A little over 6o years ago, African states gained independence from their colonial masters. It was assumed the wind of change would bring with it a new sense of nationalism, common good, and identity. However many of the heads of state and governments almost immediately broke their promise to promote a different form of governance.
Music has always been integral to Africa’s liberation and freedom struggles. In South Africa, anti-apartheid music faced significant censorship Similarly, in Nigeria, musicians stood in solidarity with South Africans, calling for the release of Nelson Mandela or calling out police brutality, while being the voices of protests. These African musicians felt they could not go on dancing when everything around them was not worth celebrating.
They felt a responsibility to use their voice to speak to the times they were living. In the same vein, many countries found their voices with popular groups and musicians, though initially accepted by the authorities, they ended up being sanctioned and/or banned altogether.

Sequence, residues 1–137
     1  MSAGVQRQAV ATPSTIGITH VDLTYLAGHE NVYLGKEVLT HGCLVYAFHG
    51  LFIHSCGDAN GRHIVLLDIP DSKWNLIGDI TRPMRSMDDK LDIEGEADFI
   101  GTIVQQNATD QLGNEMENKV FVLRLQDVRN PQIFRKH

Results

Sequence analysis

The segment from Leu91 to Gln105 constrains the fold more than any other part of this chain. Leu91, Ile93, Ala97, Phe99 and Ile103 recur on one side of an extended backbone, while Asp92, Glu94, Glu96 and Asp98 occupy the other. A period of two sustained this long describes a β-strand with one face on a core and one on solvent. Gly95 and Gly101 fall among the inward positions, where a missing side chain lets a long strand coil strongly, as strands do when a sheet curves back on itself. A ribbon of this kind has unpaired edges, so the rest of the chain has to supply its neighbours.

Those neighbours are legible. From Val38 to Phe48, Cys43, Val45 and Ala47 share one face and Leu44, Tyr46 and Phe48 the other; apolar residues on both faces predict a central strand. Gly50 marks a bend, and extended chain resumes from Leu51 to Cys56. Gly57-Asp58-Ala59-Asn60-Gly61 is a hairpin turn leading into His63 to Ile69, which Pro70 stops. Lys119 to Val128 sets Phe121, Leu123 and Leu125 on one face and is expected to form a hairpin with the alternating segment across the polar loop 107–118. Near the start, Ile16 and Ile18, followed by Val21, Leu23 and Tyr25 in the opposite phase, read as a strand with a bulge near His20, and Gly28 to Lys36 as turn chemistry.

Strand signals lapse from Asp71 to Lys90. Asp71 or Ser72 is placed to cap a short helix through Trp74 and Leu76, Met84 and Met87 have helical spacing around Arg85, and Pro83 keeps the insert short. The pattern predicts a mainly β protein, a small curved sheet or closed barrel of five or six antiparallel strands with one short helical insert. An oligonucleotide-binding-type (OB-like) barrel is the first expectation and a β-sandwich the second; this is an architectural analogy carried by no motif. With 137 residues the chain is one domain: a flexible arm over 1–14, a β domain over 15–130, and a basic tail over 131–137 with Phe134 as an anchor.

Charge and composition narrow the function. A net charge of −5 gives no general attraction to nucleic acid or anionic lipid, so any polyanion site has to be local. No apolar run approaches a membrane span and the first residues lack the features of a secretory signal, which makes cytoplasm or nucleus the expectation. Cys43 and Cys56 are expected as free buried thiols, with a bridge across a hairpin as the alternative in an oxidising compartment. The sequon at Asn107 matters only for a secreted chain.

In this two-part series, we go into the history of various musicians around the continent whose music was deemed too political and explore why their music was considered so ‘dangerous’ by their governments.
In his lifetime, the late Afrobeat legend, Fẹlá Aníkúlápò Kútì witnessed quite a number of sanctions, court cases, police brutality, and a radio ban on his revolutionary music. Despite the state pressure, he never ceased to dish out the melodies that many Nigerians and Africans all over the world relate to.